Elvis Preley with a ukulele.
A ukulele is a small four-stringed guitar associated with Hawaii but originally from Portugal. The name comes from the Hawaiian uk = "flea" and lele = "jumping"; "jumping little flea" said to be the nickname of Edward Putvis, a nineteenth century British officer, who popularized the instrument.
Origins of the ukulele
Three Portuguese instrument makers arrived in Hawaii in 1879, bringing with them native instruments including the cavaquinho, on which the ukulele is based. They opened shops selling their new instrument and it quickly caught on among the local population. It was often used at times of celebration. Very soon the ukulele took off in other states, as the craze for Hawaiian music swept across the United States in the early twentieth-century.
Types of ukulele
There are four sizes of ukulele: the soprano, the concert, the tenor, and the baritone. Each has four strings and a varying number of frets, from around 14 on the soprano to at least 22 on the baritone. All the instruments have four strings based on the intervals fourth-major third-fourth. There are not set pitches for each instrument, however, and players raise or lower their strings in order to play in a key that best accommodates their music.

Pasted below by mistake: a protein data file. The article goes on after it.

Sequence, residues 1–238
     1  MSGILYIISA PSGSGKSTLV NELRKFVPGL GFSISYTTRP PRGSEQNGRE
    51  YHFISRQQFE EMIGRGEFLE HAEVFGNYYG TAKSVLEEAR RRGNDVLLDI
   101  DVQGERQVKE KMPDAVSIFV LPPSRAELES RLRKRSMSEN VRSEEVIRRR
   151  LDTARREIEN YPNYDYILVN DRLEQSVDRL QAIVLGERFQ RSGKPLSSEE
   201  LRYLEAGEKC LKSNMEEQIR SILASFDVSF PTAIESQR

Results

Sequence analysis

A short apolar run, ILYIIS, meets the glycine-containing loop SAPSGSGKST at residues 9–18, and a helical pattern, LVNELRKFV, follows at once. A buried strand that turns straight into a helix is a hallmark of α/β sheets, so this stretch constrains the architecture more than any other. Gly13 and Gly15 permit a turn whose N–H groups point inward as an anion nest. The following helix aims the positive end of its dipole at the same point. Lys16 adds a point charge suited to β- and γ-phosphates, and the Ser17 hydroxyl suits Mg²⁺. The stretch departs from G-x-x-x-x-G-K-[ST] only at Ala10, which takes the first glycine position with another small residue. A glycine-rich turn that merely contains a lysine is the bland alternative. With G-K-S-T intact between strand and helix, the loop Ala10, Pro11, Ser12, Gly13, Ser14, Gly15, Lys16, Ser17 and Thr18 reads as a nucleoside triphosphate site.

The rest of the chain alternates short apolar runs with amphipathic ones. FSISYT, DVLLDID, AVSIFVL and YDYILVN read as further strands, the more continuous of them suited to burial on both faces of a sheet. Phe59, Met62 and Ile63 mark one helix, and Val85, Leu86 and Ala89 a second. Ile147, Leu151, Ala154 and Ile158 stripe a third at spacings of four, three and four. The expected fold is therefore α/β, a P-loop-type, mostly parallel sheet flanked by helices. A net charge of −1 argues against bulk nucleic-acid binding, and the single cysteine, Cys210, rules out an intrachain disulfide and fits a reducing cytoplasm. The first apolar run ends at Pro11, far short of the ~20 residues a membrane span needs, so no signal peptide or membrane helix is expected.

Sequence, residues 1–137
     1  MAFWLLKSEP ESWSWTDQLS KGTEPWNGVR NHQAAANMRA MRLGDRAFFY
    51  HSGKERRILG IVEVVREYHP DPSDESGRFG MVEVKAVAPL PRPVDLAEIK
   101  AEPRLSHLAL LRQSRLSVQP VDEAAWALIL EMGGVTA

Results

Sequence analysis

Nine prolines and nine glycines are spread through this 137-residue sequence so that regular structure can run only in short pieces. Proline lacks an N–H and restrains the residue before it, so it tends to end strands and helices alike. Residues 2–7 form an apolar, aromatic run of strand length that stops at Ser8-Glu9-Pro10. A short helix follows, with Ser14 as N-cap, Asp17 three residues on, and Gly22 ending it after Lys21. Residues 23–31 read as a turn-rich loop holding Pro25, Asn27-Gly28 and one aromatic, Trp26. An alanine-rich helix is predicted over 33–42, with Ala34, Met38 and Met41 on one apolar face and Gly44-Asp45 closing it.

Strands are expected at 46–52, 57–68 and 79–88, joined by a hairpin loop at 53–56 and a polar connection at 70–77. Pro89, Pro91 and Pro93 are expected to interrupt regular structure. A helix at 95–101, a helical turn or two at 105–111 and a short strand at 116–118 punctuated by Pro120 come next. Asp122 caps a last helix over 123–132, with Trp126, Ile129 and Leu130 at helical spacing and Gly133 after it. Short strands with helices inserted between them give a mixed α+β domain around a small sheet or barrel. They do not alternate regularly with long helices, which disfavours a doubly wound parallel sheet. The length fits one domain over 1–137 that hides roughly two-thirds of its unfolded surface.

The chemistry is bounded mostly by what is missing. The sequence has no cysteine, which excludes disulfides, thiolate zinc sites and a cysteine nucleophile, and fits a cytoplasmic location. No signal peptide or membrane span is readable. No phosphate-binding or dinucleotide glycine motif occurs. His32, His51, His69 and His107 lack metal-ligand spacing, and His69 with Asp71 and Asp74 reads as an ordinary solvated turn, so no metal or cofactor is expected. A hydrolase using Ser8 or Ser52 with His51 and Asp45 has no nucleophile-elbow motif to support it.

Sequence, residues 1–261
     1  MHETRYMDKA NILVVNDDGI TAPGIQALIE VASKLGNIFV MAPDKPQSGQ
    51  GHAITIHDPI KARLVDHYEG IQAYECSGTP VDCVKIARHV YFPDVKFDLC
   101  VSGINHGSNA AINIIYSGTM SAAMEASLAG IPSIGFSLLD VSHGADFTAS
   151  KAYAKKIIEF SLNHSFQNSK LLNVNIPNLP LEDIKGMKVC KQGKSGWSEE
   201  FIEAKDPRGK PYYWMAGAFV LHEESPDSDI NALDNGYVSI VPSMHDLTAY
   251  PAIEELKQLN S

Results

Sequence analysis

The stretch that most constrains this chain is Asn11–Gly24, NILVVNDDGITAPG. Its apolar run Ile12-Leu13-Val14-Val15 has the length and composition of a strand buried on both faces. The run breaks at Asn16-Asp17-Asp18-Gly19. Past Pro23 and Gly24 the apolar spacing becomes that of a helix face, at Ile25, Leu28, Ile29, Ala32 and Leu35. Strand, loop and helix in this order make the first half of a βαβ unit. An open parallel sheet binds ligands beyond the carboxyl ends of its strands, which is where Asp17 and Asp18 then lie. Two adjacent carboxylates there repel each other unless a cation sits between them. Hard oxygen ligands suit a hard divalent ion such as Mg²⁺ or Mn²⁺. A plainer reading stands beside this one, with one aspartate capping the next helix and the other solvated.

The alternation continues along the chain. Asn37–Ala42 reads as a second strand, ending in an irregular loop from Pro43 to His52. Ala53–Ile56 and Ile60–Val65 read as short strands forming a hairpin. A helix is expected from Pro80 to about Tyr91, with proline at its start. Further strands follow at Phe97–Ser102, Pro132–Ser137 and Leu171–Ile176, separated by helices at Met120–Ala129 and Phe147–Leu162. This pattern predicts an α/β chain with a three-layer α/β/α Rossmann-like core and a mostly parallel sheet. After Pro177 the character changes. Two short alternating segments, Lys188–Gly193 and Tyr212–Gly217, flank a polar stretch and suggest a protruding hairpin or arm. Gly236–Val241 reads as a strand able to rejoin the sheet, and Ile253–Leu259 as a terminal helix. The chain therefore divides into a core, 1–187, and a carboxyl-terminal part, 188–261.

The concert ukulele is one standard size up from the soprano ukulele, which allows slightly easier fingering due to the longer neck. It is usually tuned GCEA and has a roughly 15inch scale length.
In the 1930s and 1940s the ukulele's success spread to Europe. It became particularly successful as part of the British music-hall tradition, or variety acts that performed during the Second World War.
A wood called koa, which is native to Hawaii, is considered by many to be the finest available, in terms of its tonal qualities, for use in ukulele construction. It is certainly the most traditional.